The Book of Revelations explores different kinds of revelations, confrontations, and changes. It considers how one door opens as another is still closing, and explores changed concepts of family connections, trust, and truth. 

Readers interested in a chronicle of lies, truths, and revised lives will find The Book of Revelations an emotional ride into the choices and consequences of two disparate individuals who find their lives coming full circle in unexpected ways. It’s highly recommended reading for those who like to see their characters evolve later in life, and for readers who know that no story is set in stone until the end of life.”  

I would like to thank Amy Shannon and Diane Donovan for their wonderful reviews and support! Readers, don’t forget to check out Amy’s Bookshelf Reviews and writers, please consider using Donovan’s Literary Services. I highly recommend both of their work!

The Book of Revelations is available on Amazon in print and ebook.

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Interview with Professional Editor Kristen Tate

For this month’s post, I am pleased to interview professional editor Kristen Tate. I hired Kristen for developmental editing, copy editing, and very soon, the interior formatting of my second novel. I am a pantser – that is, I plan very little as I write. This writing style most often requires many edits after the first draft is finished.  In my case, I had great difficulty with both the characters and plot and was at a loss on how to refine and improve it. I needed help and was worried I would have to abandon the project if I couldn’t make it work. Fortunately, with Kristen’s guidance, direction, and tremendous patience, I was able to polish the writing into a finished manuscript that I am satisfied with. I asked Kristen to share her experiences and insights in the writing world in an interview and she agreed.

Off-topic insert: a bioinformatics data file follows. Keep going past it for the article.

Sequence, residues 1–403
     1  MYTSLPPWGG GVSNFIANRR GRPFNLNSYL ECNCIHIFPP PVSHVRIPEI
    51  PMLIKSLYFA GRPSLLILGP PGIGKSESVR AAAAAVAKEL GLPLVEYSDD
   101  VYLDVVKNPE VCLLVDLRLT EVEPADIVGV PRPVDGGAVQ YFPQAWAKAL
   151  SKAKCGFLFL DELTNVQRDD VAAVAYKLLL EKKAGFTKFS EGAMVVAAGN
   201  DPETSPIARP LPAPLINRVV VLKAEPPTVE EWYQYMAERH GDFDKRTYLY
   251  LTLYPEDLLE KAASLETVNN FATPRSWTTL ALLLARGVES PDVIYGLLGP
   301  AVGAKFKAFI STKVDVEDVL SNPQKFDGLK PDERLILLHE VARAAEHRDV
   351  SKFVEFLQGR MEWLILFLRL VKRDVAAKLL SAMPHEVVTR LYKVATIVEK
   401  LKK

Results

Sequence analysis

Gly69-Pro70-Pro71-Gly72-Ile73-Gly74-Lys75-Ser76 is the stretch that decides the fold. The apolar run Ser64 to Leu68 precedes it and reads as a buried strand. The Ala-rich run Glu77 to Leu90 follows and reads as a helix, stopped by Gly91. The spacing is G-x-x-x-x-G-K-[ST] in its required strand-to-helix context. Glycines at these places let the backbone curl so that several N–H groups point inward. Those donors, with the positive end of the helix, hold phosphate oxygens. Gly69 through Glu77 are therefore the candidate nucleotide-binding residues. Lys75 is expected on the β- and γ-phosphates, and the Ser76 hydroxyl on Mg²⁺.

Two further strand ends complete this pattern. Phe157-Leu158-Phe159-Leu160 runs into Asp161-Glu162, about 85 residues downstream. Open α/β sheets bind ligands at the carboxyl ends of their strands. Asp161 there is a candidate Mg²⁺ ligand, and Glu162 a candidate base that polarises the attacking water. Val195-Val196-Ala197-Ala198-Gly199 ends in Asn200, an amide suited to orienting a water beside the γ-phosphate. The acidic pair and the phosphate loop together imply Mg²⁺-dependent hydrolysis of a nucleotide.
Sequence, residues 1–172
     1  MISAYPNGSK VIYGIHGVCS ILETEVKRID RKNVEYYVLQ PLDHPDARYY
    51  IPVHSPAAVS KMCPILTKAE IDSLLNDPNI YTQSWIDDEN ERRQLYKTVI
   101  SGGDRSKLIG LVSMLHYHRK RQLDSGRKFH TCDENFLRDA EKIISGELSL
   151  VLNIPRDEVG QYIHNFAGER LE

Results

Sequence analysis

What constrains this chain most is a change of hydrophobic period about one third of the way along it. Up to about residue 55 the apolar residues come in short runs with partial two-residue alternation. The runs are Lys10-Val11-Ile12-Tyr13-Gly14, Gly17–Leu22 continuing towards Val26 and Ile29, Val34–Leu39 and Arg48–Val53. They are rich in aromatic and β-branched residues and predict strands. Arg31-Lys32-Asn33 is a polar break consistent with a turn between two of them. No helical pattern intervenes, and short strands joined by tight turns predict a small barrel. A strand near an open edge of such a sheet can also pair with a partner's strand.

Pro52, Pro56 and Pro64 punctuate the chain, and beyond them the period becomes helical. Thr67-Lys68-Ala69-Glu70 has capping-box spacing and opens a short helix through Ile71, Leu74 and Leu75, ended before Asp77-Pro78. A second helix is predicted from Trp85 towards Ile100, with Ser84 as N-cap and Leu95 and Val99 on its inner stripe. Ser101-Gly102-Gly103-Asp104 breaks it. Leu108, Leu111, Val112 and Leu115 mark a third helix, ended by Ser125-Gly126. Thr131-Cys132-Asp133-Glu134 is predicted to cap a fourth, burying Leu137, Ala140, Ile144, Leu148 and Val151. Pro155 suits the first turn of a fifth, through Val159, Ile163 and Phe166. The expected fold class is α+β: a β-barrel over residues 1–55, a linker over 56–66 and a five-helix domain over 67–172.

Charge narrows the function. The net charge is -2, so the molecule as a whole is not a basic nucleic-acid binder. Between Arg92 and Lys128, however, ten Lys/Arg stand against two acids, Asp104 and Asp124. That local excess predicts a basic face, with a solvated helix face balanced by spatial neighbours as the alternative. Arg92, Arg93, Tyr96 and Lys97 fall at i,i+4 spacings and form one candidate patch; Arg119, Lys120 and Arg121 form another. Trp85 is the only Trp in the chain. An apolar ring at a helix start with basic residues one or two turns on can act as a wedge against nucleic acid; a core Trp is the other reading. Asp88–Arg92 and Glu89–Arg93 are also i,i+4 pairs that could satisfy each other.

1. Q. Please tell me about your background and how you came to enter the field of freelance copyediting?

Reading has always been the thing I loved most, so I looked for a job that would pay me to read. At first, I thought I would be an academic and I got a PhD in English, which was a (mostly) wonderful experience. My job this week is to read Bleak House and Paradise Lost and write about them and show up in class and say smart things about them? Yes, please! But then I had to face the challenging realities of the academic job market. I had a toddler and a baby at that point, and it wasn’t going to be easy for me to relocate somewhere for a job. After a while, I started doing pro bono editing work and exploring jobs in publishing, as well as getting freelance work as a copywriter. I had a client who was self-publishing a book, and that was the first time I realized that I would be able to build a viable freelance career focused on book editing. I took some additional courses to hone my copyediting and developmental editing skills and started to build my business, little by little.

2. Q. I saw your name on Joanna Penn’s list of copyeditors. I hired you because I thought you did an excellent job on my manuscript’s sample edit and your price was reasonable. How do you stand out in the large field of copyediting freelancers?